President Ilham Aliyev, has ruled the country for the last 19 years. During his time, scores of local civil society activists have faced persecution while the country's freedom scores have deteriorated with each presidential term. Changes in legislation have incapacitated local civil society groups, taking away their ability to receive foreign funding or safely pursue their work. From total media control to full power consolidation, President Ilham Aliyev's leadership can be anything but “reliable” said critics of the new agreement. As such, the critical response of international rights watchdogs to the signed memorandum was not surprising. “EU should not have signed deals with Azerbaijan without conditioning it to the release of political detainees and repeal of laws crushing media & civil society. Azerbaijan leaders will not be reliable partners as long as they are crushing dissent,” wrote Philippe Dam, acting EU Director at Human Rights Watch on Twitter.

In a Twitter thread, Transparency International reminded the president of the European Commission of Azerbaijan's track record in recent years. “As you move to reduce energy dependence on Russia’s kleptocratic regime, you cannot ignore that so recently Azerbaijan’s ruling elite was exposed as buying influence from European politicians to earn a ‘trustworthy’ image,” tweeted Transparency International. The international organization listed a series of investigations that exposed how Azerbaijan was engaged in “systemic bribery to downplay its abysmal human rights record in European debates.”

The Daphne Caruana Galizia Foundation said in an interview with The Shift News, “the EU's decision to sanction Russia and then sign an agreement with another state run by a kleptocrat is questionable, as it is partly replacing reliance on one kleptocratic state with a long-term reliance on another.”

And it was not only international rights watchdogs who voiced criticism after the signing of the agreement. Several members of the European Parliament have criticized the deal too. “Dictatorships are not ‘trustworthy’. Not for democracies, not for Europe and especially not for the citizens they brutally oppress,” tweeted MEP Daniel Freund. While Viola von Cramon, said in tweet, “Azerbaijan remains a very unsavory partner in all areas.”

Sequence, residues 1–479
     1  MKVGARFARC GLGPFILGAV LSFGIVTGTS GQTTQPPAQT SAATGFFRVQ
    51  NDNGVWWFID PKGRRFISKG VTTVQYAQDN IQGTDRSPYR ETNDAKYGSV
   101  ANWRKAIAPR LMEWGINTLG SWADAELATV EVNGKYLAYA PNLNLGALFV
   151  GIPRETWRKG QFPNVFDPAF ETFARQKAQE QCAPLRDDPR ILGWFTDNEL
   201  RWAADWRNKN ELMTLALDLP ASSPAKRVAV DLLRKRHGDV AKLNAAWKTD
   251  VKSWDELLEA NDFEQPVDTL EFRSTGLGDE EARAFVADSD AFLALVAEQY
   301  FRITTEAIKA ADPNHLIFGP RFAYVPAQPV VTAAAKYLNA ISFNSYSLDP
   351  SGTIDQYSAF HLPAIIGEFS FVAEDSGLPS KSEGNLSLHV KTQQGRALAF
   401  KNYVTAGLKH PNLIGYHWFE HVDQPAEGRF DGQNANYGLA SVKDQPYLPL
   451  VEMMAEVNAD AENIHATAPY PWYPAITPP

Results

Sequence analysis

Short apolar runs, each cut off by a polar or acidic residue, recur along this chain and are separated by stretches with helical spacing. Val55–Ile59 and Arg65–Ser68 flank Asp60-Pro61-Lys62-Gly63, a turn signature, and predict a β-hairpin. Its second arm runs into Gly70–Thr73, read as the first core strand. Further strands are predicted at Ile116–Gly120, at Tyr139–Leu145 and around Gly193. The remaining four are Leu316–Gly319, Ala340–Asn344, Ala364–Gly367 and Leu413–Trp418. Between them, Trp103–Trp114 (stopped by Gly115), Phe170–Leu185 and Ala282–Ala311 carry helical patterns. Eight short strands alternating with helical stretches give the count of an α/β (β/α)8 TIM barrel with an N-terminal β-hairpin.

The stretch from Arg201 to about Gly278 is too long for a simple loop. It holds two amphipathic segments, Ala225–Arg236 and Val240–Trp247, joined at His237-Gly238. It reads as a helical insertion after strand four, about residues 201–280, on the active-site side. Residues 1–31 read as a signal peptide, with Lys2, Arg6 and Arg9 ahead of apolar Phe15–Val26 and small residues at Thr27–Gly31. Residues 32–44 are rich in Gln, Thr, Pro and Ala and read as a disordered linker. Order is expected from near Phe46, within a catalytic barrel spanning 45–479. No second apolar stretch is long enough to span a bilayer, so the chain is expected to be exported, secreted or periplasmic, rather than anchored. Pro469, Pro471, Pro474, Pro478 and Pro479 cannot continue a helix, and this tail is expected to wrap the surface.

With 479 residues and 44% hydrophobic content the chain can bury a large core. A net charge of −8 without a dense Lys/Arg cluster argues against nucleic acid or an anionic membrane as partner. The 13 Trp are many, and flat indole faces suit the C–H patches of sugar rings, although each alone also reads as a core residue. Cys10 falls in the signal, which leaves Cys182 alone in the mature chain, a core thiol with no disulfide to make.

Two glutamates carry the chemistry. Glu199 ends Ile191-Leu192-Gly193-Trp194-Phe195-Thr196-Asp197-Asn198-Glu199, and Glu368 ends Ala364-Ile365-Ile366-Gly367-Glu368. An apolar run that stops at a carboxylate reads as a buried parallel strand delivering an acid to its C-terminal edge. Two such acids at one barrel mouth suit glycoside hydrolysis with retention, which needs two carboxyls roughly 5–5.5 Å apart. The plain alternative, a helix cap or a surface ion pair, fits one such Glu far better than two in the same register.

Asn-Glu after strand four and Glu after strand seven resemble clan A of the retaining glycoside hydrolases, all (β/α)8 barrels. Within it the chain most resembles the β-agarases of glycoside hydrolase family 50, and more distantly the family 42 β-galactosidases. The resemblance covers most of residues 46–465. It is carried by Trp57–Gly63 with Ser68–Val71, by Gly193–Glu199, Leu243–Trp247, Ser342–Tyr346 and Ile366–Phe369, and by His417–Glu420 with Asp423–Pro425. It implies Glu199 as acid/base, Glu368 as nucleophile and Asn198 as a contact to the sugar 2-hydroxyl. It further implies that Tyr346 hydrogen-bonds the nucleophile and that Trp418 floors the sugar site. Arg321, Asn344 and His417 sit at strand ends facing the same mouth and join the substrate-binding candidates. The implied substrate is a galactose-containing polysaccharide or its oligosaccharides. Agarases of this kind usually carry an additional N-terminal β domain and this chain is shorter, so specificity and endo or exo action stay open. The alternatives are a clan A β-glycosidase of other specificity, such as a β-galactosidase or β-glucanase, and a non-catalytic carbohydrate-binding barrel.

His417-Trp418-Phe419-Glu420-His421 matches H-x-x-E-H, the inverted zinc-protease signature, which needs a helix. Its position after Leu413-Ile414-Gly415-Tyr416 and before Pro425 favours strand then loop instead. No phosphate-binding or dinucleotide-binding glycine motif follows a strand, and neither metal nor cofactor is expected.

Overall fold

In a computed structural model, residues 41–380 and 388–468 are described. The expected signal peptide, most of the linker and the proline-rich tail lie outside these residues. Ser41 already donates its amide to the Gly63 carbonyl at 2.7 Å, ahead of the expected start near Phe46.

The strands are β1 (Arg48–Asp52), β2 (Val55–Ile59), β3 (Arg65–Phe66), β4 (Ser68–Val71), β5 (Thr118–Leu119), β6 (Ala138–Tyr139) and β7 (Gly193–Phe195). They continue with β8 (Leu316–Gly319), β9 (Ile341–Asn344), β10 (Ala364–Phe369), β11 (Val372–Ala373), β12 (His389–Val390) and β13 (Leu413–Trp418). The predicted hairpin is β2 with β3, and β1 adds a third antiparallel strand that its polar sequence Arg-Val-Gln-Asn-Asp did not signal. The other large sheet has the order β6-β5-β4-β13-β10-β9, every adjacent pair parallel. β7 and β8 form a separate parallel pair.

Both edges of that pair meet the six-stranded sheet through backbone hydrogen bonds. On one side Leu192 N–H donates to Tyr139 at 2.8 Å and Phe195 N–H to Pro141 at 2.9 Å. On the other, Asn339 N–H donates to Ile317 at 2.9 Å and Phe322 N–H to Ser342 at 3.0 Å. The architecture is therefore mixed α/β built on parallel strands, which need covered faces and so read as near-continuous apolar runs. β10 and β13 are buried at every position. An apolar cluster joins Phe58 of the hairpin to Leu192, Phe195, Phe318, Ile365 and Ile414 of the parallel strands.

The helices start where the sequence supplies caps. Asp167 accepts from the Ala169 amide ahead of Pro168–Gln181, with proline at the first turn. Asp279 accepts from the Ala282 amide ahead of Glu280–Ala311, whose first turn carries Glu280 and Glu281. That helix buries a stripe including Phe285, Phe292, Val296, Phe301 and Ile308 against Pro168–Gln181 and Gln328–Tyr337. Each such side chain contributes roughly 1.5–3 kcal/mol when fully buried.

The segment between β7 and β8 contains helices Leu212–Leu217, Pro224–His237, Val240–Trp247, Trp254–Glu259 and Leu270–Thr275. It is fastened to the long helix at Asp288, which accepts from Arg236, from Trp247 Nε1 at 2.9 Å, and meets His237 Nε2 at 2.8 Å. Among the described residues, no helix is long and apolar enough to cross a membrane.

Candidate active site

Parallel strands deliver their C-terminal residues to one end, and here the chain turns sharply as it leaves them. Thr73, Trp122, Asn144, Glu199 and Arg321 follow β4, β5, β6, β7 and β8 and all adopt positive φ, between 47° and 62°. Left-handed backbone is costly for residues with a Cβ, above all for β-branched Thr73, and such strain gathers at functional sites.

MEP Hanna Neuman warned against making old “whitewashing” mistakes:

While Vice President of the German Federal Parliament tweeted on July 18 that while it was right for the EU to strengthen its independence from Russian energy supplies, the union should not forget human rights and that it must “insist on their observance and enabling of freedom and democracy.”

Watchdog groups have expressed concern over the EU cozying up with rulers like Aliyev. In 2017, Bankwatch Network wrote about the “EU locking arms with the Azerbaijan's authoritarian ruler Ilham Aliyev, despite Europe's commitment to human rights.” Azerbaijan also failed to meet its commitments as part of the EU-Azerbaijan Partnership Priorities.

According to a recent report by the European Commission High Representative of the Union for Foreign Affairs and Security Policy, although Azerbaijan made strides in strengthening its economy — especially after the pandemic — the same could not be said about the country's good governance, democracy, rule of law, and human rights. The report highlighted problems in the legislative track — existing restrictive bills like the new Media law — as well as continuing “deficiencies in ensuring the protection of human rights and fundamental freedoms, notably restrictions on freedom of assembly, association and expression.”

As such, analysts have described the recent deal as a win for the leadership in Azerbaijan. “How can this be anything more than a badly-advised PR stunt that benefits the Aliyev family rather than the people of the EU and Azerbaijan?” asked a spokesperson for the Daphne Caruana Galizia Foundation in an interview with The Shift News.